Among the biggest safety advances in today’s cars and trucks are the front- and rear-end crumple zones (also called crush zones). In a crash, these zones are designed to both absorb the energy from the impact and deflect it away from vehicle occupants. The material chosen for these lifesaving designs is vital to their success. Enter aluminum.
Absorbing an Impact
The superior energy absorption properties of high-strength aluminum alloys, matched with intelligent vehicle design, make aluminum components and aluminum intensive vehicles among the very safest on the road.
Aluminum structures can be designed to fold predictably during a crash, such as in this Ferrari crash where the driver walks away. This ensures the vehicle – not its occupants – absorb more of the destructive crash energy forces.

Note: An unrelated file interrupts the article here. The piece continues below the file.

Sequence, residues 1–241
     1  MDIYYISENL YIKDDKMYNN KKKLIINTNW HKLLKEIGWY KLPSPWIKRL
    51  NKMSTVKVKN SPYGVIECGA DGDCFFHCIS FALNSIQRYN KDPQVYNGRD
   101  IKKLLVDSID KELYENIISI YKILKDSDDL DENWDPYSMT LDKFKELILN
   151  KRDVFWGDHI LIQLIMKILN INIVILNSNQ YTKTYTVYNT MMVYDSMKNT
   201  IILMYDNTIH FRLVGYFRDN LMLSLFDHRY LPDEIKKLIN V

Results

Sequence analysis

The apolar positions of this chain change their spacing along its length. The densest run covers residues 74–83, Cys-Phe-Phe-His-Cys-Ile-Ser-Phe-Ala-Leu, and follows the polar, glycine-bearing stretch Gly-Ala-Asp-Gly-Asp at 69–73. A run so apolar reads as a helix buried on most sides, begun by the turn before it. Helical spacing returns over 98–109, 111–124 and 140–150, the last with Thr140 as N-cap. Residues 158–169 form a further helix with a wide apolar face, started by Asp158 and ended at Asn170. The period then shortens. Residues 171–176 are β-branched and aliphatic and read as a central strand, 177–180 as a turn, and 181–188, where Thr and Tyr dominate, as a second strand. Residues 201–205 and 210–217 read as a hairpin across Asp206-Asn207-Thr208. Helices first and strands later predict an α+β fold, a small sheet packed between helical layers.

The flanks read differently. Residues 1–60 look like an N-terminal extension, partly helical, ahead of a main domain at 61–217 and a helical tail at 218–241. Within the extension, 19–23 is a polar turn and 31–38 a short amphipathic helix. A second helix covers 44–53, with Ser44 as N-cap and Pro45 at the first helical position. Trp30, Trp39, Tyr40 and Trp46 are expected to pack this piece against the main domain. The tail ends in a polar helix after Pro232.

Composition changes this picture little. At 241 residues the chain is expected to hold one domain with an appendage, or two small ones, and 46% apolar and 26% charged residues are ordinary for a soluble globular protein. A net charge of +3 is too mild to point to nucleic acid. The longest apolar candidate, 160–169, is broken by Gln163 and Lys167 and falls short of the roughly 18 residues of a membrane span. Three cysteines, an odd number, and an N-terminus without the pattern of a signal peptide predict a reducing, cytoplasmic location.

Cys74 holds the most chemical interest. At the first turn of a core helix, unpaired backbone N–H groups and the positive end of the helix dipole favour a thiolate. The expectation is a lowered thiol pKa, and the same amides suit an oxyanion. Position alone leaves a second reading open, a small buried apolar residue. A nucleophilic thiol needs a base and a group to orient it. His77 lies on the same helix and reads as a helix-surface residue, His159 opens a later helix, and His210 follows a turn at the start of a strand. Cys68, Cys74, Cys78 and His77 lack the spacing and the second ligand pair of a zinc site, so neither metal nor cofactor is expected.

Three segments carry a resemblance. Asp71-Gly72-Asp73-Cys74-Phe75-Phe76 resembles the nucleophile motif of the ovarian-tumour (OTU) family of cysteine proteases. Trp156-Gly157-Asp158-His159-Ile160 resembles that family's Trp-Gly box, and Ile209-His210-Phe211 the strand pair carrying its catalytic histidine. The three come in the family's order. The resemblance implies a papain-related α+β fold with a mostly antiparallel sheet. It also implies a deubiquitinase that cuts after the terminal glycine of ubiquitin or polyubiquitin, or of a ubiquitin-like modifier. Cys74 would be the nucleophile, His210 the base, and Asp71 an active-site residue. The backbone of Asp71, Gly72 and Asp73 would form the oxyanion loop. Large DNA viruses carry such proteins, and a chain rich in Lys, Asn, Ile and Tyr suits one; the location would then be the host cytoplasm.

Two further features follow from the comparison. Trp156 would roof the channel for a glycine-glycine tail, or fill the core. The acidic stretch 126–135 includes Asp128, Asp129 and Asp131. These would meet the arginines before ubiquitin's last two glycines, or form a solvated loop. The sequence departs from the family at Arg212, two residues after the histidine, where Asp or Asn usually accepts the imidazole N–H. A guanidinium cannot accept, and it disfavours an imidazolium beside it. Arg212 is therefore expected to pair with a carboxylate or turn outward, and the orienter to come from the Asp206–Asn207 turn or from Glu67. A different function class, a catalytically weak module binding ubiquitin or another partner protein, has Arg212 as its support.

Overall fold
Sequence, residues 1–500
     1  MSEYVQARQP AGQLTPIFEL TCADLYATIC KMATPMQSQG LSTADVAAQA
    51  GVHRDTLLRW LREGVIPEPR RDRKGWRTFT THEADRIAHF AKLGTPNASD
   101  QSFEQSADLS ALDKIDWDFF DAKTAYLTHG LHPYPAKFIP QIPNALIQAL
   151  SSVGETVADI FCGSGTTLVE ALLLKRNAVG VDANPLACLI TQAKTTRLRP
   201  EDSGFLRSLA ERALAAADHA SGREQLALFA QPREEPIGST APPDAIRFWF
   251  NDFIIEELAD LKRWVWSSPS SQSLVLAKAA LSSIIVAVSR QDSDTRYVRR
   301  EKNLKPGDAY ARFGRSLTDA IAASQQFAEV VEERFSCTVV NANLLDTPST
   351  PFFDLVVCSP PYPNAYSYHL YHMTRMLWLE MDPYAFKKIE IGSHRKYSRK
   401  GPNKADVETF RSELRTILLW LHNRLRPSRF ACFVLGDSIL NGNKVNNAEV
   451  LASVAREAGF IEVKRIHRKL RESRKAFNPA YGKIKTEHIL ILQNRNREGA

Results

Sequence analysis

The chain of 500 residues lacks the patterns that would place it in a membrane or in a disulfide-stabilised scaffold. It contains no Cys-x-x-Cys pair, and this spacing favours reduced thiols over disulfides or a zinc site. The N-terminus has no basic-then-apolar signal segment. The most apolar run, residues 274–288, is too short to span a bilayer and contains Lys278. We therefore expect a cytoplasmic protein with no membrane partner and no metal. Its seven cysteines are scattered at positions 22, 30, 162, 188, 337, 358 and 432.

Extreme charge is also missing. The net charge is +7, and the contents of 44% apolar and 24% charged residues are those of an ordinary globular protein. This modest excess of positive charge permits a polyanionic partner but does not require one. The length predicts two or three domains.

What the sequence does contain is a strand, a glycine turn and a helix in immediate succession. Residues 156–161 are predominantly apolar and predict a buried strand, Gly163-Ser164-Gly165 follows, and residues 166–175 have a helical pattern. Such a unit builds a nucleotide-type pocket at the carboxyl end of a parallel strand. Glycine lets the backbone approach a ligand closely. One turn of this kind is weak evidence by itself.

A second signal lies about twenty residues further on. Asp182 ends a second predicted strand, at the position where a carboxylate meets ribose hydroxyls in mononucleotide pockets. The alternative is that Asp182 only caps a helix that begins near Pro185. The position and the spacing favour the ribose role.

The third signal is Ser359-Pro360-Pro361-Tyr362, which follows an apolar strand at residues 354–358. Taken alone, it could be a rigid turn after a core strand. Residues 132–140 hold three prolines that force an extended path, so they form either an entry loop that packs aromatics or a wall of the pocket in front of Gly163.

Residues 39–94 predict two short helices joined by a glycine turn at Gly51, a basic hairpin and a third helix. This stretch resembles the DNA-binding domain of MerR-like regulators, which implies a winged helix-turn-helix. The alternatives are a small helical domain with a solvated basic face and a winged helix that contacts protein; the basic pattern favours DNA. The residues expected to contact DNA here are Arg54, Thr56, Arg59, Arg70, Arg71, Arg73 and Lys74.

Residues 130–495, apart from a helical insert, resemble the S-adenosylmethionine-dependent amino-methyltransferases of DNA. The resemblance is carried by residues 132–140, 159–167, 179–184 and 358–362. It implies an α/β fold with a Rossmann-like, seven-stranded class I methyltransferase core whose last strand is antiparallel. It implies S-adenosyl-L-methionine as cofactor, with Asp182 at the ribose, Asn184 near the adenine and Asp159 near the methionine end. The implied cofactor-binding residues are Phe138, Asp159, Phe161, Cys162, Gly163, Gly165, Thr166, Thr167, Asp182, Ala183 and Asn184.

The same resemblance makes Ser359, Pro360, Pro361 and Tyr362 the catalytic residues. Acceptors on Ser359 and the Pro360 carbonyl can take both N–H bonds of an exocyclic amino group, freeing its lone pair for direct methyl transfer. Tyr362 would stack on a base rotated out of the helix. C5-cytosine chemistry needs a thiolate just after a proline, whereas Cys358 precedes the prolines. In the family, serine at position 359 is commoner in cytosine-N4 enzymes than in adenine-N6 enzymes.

Bigger IS Better
Another key safety factor is vehicle size: In a crash, larger is generally better than smaller, and size is generally more important than weight. To conserve fuel and reduce emissions, aluminum can safely reduce vehicle weight (up to 40% according to a report from the University of Aachen, Germany) while maintaining or even increasing vehicle size for greater crash protection.
Federal regulators and leading U.S. and international automakers agree that well-designed, lower weight vehicles can be as safe as or even safer than heavier vehicles—and they all meet or exceed the toughest federal safety standards.
Aluminum Safety Advantages:
- Pound for pound, aluminum can absorb twice as much crash energy as steel.
- Aluminum can be used to maintain or even increase the size and energy absorption capacity of a vehicle’s critical front- and back-end crumple zones for added safety, without increasing overall weight.
- Aluminum is designed to fold predictably during a crash, allowing the vehicle to absorb much of the crash energy, rather than its occupants.
- Vehicles made lighter with aluminum require shorter stopping distances than heavier vehicles to help drivers avoid crashes altogether.